wandering star

EnglishEdit

EtymologyEdit

From wandering +‎ star. Compare Ancient Greek πλανήτης (plănḗtēs, a wanderer).

NounEdit

wandering star (plural wandering stars)

  1. A planet.
    • 1877, Ormsby MacKnight Mitchel, The planetary and stellar worlds:
      Might it not be possible, that this wandering star would pass by the sun and reappear in the east?
    • 1988, Alan Richardson, A Mental Theater:
      [...] Or warring with the spirits who may dare Dispute with him Who made all empire, empire; or recalling Some wandering star, which shoots through the abyss Whose tenants dying, while their world is falling Share the dim destiny of clay in this.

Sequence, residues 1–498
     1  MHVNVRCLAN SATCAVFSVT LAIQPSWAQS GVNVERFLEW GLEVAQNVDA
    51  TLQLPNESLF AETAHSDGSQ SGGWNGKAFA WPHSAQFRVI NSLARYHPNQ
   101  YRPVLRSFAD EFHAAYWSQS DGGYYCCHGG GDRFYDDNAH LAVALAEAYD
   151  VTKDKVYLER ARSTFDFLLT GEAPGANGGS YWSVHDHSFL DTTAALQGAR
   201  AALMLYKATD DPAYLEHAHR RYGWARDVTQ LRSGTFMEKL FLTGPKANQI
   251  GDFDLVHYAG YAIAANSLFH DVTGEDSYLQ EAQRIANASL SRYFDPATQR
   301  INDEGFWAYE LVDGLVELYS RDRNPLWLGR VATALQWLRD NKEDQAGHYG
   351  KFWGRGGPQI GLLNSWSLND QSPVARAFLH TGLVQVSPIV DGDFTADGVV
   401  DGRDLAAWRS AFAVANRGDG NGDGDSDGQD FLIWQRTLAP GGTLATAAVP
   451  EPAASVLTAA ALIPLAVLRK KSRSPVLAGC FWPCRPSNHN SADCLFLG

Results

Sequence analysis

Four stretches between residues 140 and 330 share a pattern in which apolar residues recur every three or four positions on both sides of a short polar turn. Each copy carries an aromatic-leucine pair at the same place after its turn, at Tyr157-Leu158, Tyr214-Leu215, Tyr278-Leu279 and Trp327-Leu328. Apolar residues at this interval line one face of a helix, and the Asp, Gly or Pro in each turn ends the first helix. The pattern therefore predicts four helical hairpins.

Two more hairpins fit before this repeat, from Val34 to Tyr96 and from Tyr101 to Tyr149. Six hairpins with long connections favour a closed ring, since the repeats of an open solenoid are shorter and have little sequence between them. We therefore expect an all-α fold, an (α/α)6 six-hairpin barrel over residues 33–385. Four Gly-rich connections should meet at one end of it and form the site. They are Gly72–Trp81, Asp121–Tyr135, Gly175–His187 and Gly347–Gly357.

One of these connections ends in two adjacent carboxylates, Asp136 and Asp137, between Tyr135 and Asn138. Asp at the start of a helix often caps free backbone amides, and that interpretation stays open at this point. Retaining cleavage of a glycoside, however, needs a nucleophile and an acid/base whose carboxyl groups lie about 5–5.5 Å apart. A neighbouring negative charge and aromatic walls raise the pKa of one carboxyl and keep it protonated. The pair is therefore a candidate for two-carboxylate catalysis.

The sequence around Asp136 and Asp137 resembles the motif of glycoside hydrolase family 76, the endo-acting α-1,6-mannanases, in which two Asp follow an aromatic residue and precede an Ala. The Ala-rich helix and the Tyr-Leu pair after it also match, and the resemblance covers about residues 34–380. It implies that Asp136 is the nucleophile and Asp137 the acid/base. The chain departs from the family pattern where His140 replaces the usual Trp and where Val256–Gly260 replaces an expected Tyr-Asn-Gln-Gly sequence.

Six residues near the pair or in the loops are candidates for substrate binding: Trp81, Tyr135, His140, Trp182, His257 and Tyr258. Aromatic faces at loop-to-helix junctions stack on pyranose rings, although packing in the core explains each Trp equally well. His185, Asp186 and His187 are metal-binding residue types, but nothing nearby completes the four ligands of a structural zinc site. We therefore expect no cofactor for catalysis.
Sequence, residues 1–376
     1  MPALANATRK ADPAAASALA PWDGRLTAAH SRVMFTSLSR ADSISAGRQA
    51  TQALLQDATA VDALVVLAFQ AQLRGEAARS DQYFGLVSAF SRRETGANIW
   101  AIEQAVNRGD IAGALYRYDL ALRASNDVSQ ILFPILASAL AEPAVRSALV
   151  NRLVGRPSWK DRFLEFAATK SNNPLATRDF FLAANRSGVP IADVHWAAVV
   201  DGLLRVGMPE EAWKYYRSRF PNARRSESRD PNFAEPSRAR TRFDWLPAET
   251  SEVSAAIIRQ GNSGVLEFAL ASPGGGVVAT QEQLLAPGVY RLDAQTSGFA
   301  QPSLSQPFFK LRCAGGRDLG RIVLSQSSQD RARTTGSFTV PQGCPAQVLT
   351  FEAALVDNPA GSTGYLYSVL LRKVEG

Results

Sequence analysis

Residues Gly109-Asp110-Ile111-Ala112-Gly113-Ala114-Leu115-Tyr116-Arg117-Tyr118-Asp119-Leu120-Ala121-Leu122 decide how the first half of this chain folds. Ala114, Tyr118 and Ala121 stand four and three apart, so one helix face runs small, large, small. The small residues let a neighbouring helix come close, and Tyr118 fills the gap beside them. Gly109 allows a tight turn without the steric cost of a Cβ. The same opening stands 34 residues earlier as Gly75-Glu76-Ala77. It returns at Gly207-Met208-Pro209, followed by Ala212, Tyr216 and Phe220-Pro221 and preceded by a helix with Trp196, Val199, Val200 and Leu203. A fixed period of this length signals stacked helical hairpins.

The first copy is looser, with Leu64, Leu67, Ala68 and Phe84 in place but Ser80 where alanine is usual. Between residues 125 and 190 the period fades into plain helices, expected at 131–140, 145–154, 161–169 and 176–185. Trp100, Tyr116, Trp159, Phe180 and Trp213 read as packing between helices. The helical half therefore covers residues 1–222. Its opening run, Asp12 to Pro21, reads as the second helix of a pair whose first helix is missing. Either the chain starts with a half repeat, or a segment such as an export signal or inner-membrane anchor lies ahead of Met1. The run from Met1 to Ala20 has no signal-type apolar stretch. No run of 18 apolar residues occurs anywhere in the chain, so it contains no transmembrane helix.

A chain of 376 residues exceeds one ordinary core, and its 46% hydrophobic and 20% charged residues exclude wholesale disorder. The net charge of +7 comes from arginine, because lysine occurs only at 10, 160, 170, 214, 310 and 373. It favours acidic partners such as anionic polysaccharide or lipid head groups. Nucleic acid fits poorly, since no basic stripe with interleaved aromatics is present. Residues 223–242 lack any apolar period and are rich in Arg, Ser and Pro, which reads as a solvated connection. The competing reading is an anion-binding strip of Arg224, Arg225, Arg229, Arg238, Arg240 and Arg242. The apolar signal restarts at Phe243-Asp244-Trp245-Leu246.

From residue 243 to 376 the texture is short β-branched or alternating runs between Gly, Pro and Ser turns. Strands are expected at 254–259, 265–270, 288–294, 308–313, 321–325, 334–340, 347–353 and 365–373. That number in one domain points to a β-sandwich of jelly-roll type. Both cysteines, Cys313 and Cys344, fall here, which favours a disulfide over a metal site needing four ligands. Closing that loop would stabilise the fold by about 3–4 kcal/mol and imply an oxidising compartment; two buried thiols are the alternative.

• 2000, Linda Goodman, Linda Goodman's Star Signs:
      The word planet is an old Greek word meaning "wandering star" (planets wander, Fixed Stars do not) — so either term is correct, although modern popular usage is planet. I like star. Especially "wandering star."
    • 2005, Constance Stellas, Advanced Astrology for Life:
      In ancient times, a fixed star was so named to distinguish it from a wandering star or planet.
    • 2009, Gardner Dozois, The Year's Best Science Fiction:
      Now he turned his flight, a prayer short of light-speed, towards the wandering star. Jedden had long ago abolished fear. Yet he experienced a strange psychosomatic sensation in that part of the splinter ship that corresponded to his testicles.

SynonymsEdit

Last modified on 4 April 2014, at 01:04